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New Apps, Receivers & Tests in digital radio


Kevin Ryan evaluates another BBC radio app, provides updates on some new DAB and DRM receivers

Kevin Ryan evaluates another BBC radio app, provides updates on some new DAB and DRM receivers and considers reports on the DRM format from India and South Africa.



The BBC released another app for Amazon, Apple and Google devices, called BBC Sounds. I downloaded it on Android and – after telling it my location, age and gender – I began exploring what it had to offer.

The BBC said they needed this data to “tailor their recommendations”. Most BBC stations are available on the app. I did notice the absence of the local opt-out BBC Solent for Dorset, which is available on Freeview.

The stations are arranged in an arc-shaped arrangement, which you swipe to move.

There is a link to All Stations (Fig. 1); the link to the podcasts is under My Sounds.

It seems that BBC Sounds will eventually replace the BBC iPlayer Radio app as the app to use for all BBC audio content but there is no timeframe for this. The app will track what you listen to and, after a period of use, recommend other content to you, based on your listening preferences. The content will be either channel- or genre-based. When you start out, however, you will just get general recommendations.

 I am not sure how often you have to use the app or for how long you have to listen before you receive your own recommendations about more programmes you might enjoy. I tend to be a ‘linear’ listener, especially to the BBC World Service, Radio 4 and Radio 5.

A negative point for me is that there isn’t a News category, as the BBC probably assumes (incorrectly, in my opinion) that younger people are not interested in it.

Also, I can’t find anything from the BBC World Service, which makes some of the best BBC programmes.

The press release claims that there are over 80,000 hours of BBC audio available and that this will only grow, so this should help to bring to the surface some shows you wouldn't have necessarily found before.

The app has Podcasts and Radio Highlights sections, where recommendations from the BBC appear.

It's all curated content and is based around different genres like Real Life Stories and Quite Interesting.

Reading the trade press, BBC Sounds looks like it is yet another response from the BBC to try to hang onto the younger audience. The BBC plans to create more new shows aimed at this audience segment.


DAB Network Planning

The European Broadcasting Union (EBU) updated its document on planning DAB networks. It is a technical document and makes for some ‘heavy’ reading but it contains lots of details on receivers and allocating bit-rates to the sub-channels in DAB and DAB+ multiplexes that I found very interesting.

There is a fascinating section on coverage issues, introducing some new terminology, such as ‘clutter height’. This is the typical height of objects (trees and buildings for example) that can block radio signals.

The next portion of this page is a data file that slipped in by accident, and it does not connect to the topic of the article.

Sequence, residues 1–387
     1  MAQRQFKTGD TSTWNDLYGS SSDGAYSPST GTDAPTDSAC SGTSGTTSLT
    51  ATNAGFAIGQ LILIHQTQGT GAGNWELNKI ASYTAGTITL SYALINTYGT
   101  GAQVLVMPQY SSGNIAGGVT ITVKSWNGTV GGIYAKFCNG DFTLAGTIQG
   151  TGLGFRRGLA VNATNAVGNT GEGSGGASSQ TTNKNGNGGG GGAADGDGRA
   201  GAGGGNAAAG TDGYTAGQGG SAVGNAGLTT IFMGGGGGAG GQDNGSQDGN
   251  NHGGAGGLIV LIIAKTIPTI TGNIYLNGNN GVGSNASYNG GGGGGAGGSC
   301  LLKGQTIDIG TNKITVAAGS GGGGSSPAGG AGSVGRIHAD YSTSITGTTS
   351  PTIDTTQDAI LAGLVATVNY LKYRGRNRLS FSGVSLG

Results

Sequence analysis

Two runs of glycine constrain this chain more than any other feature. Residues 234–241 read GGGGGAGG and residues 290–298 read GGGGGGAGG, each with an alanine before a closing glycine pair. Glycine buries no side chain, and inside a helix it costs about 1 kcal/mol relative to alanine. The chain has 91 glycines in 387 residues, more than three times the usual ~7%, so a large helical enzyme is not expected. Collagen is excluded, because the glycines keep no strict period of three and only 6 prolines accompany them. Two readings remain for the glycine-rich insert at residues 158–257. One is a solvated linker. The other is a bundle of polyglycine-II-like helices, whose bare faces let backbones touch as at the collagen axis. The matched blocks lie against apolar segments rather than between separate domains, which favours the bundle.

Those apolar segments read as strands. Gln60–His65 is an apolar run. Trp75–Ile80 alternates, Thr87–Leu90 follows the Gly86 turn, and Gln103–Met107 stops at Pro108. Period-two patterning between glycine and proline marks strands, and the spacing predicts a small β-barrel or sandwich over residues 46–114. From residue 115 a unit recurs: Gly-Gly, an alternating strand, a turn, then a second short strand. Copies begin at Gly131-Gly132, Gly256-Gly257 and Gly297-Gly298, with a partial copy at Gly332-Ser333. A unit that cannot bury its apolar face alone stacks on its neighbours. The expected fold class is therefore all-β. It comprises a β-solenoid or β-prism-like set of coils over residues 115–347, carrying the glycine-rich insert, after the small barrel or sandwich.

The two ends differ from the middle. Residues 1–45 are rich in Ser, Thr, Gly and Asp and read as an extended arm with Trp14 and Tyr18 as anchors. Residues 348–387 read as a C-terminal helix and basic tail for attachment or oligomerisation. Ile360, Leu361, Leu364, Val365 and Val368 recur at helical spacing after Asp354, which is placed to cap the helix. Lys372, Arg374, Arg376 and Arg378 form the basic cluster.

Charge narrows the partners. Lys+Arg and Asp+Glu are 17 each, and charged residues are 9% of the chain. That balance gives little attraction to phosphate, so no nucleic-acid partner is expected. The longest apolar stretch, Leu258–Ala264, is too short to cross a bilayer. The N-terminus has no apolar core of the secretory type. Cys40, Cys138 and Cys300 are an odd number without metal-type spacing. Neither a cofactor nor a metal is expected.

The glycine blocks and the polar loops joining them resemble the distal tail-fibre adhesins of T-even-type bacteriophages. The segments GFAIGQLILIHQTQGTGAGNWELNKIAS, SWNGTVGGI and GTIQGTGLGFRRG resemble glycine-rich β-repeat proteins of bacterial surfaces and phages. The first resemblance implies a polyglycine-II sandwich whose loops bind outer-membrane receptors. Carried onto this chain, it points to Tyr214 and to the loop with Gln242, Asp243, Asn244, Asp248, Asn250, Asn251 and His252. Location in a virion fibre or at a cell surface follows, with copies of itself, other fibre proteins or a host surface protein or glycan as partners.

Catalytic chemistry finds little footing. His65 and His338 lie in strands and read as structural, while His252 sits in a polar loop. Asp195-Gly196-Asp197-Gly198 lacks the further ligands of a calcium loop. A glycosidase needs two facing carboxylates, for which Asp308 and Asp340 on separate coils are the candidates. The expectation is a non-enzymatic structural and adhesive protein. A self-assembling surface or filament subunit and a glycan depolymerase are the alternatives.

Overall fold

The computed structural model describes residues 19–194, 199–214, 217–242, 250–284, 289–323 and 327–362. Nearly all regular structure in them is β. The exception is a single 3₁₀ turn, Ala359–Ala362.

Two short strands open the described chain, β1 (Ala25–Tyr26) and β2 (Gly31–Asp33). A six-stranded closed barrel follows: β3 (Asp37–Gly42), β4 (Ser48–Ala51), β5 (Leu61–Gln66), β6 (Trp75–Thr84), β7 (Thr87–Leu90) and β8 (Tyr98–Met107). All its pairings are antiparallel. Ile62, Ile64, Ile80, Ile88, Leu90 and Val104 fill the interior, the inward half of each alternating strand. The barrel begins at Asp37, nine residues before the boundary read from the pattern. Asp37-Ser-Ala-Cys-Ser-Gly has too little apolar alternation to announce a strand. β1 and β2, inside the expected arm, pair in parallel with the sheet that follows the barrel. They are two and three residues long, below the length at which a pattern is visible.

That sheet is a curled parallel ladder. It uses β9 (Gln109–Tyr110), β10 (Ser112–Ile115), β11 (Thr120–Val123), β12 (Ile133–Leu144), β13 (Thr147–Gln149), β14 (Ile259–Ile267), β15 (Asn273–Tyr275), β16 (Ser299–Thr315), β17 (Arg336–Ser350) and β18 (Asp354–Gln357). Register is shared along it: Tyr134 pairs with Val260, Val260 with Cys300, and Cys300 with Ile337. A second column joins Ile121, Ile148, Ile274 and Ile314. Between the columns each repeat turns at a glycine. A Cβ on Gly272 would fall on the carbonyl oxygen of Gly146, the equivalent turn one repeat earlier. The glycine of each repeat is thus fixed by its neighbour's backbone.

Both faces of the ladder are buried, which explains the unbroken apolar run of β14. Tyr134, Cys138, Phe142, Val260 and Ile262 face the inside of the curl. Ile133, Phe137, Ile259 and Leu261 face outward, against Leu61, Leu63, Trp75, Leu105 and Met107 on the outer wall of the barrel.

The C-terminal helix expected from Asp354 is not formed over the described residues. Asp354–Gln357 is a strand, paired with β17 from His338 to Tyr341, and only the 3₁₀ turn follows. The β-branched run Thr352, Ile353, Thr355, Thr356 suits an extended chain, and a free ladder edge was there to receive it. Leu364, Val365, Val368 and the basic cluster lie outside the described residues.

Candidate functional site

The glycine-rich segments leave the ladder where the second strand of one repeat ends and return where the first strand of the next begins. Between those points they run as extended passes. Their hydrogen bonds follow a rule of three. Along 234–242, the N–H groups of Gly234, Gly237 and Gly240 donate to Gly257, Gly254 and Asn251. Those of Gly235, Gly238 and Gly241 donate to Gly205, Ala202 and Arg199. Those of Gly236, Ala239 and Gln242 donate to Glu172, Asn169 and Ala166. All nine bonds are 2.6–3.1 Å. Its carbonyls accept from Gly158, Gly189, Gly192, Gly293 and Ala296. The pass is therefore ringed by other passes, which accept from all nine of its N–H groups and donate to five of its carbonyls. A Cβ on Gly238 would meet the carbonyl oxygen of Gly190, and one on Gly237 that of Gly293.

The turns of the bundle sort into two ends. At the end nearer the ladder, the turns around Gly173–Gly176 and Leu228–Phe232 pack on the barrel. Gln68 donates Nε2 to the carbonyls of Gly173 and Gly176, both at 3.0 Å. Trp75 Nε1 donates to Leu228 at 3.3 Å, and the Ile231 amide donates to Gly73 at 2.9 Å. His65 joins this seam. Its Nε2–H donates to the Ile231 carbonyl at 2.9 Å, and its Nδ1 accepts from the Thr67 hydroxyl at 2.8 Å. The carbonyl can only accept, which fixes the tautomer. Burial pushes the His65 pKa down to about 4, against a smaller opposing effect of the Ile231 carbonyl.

Ideally, you need to position an external antenna above that height. In the UK, the values are 18m for urban environments; this drops to 6m for rural locations.


New Digital Receivers

John Lewis stocks a number of its ‘own-brand’, ‘brick-type’, radios. I recently spotted three new digital radios that looked a lot more interesting.

The most versatile one is the Cello (Fig. 2), a Hi-Fi music system, DAB+, FM, Internet radio, Wi-Fi and Bluetooth in a single unit.

It also offers an auxiliary input, a line output and a network connection.

At the time of writing, it was sold out online but there are still units in the high street stores.

The cheaper model (£50 cheaper at £149) does not have the CD player or the wired network connection and delivers less power to speakers.

The third model of note is the Aria, costing £89. This is just a DAB+ radio in a speaker-size enclosure.

All units have wood finishes.


India DRM Update

An update on All India Radio’s deployment of DRM and its uptake in the country appeared on most of the usual radio websites. The interesting statistics are that the domestic services are using DRM regularly on their 35 medium wave transmitters.

Two of them are DRM-only. Twenty-five services are changing from simulcast (AM and DRM) to DRM-only, for just an hour a day. Those of us who monitor DRM transmissions, know that AIR’s external services dropped all their DRM services, both on short wave and medium wave, during 2018. There were some short tests in July of two new 100kW units in Delhi, but they only lasted for a couple of hours.

There is a detailed list of DRM transmitters on the India pages of the DRM website. Look under Transmissions, to find the link to the current list of Medium Wave transmissions.

Nautel, the main contractor, has information on this major project. If you should wish to see a map of where all the transmitters are located, you can follow the link on their Building for a Billion web page.

I recommend that you also read some of the newsletters produced by both the general DRM team and in the context of the chapter on India. There is a lot of information regarding the worldwide interest in DRM.

The full report, containing a lot more information on the second phase of the DRM roll-out, can be accessed and followed via the DRM website.


DRM Receivers

The report referred to in the previous section included a section on DRM receivers.